Thirty minutes left

By Cal Culpepper

It was 2:15 on a windy Saturday afternoon during the 2016 Costa Bassmaster High School Southern Open. One of the best lakes in the country, Lake Guntersville, was fishing very tough for a lot of people, us included. With just one 5-pounder in the boat, my partner, Parker Marshall, my boat captain, Todd Culpepper, and myself, knew we had to make some adjustments.

For a lot of people, this is a time you would just say to yourself, "We have thirty minutes left, there's no way we could make anything happen in that short amount of time."

Well, I beg to differ.

When we launched our boat at 5 o’clock that morning and began to work our way towards the Guntersville City Harbor, where we would be taking off from, we had no idea what the day had in store for us. We were boat 203 out of 322 other high school teams from across the country, and I couldn't put into words the adrenaline rush I had pumping through my veins while we waited for our names to be called in the biggest tournament I've ever fished. Finally, Hank Weldon goes over the microphone:

"Boat 203, from Harris County High, Cal Culpepper and Parker Marshall."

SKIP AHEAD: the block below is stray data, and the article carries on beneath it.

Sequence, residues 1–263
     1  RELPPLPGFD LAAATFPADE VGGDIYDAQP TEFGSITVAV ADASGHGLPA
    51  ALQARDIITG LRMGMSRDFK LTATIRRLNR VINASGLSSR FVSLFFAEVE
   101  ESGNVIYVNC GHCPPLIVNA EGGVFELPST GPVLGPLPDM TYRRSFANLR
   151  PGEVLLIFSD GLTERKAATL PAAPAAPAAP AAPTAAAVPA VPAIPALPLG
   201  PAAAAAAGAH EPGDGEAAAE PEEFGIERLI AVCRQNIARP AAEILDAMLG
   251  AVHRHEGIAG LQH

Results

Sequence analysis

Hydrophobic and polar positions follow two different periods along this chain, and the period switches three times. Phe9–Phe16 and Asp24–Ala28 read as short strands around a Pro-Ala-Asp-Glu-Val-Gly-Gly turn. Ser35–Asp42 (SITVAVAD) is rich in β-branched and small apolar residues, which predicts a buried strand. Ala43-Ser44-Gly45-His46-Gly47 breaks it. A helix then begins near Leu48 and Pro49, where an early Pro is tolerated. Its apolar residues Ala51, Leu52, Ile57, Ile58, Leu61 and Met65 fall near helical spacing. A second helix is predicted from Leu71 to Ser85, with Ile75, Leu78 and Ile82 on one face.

It was game time.

The morning didn't start off as we would liked. We fished a row of docks and broke off a fish in the process. After about an hour of dock fishing, we proceeded up the river and began to fish a grass flat that surrounded a small island. Guntersville is a bass factory, no doubt about it, and a Saturday in April brings many fisherman to the lake. 

As I dropped the trolling motor and grabbed my chatterbait rod, I couldn't help but notice the many boats that were in the area. It overwhelmed me, but at the same time made me realize that it's something we have to deal with. I then launched a few casts into the wind with my chatterbait, waiting for that first bite. That first bite came shortly after. I feel a thump and suddenly slack goes into my line.

As I fight this fish, it feels nothing like the bass I know so well.

"No way is this a bass," I say to my dad and Parker, "I think it's a catfish or a drum."

When the head of a 5-pound largemouth bass surfaced, excitement filled my body. Parker netted the fish and in the boat she came. I was more than pumped about boating our first fish of the day. But, with the other 10-plus boats around, I stayed quiet as possible.

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